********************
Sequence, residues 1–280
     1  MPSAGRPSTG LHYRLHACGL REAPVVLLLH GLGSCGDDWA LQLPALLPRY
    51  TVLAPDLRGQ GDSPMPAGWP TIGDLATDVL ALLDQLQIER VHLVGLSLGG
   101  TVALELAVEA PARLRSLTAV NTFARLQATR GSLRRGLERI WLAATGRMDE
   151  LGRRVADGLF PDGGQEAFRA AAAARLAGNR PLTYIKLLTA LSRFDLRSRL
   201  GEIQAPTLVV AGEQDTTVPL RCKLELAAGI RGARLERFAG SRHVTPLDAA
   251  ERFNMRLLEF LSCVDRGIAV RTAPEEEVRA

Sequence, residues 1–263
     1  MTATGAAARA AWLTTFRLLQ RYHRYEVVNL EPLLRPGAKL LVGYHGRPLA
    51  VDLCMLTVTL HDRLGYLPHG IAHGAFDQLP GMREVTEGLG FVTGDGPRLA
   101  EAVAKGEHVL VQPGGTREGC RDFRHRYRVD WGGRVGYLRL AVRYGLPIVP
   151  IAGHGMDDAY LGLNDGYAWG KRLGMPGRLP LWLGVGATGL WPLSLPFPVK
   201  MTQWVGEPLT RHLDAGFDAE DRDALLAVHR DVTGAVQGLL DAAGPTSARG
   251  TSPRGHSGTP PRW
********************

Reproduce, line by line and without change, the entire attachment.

Sequence, residues 1–280
     1  MPSAGRPSTG LHYRLHACGL REAPVVLLLH GLGSCGDDWA LQLPALLPRY
    51  TVLAPDLRGQ GDSPMPAGWP TIGDLATDVL ALLDQLQIER VHLVGLSLGG
   101  TVALELAVEA PARLRSLTAV NTFARLQATR GSLRRGLERI WLAATGRMDE
   151  LGRRVADGLF PDGGQEAFRA AAAARLAGNR PLTYIKLLTA LSRFDLRSRL
   201  GEIQAPTLVV AGEQDTTVPL RCKLELAAGI RGARLERFAG SRHVTPLDAA
   251  ERFNMRLLEF LSCVDRGIAV RTAPEEEVRA

Sequence, residues 1–263
     1  MTATGAAARA AWLTTFRLLQ RYHRYEVVNL EPLLRPGAKL LVGYHGRPLA
    51  VDLCMLTVTL HDRLGYLPHG IAHGAFDQLP GMREVTEGLG FVTGDGPRLA
   101  EAVAKGEHVL VQPGGTREGC RDFRHRYRVD WGGRVGYLRL AVRYGLPIVP
   151  IAGHGMDDAY LGLNDGYAWG KRLGMPGRLP LWLGVGATGL WPLSLPFPVK
   201  MTQWVGEPLT RHLDAGFDAE DRDALLAVHR DVTGAVQGLL DAAGPTSARG
   251  TSPRGHSGTP PRW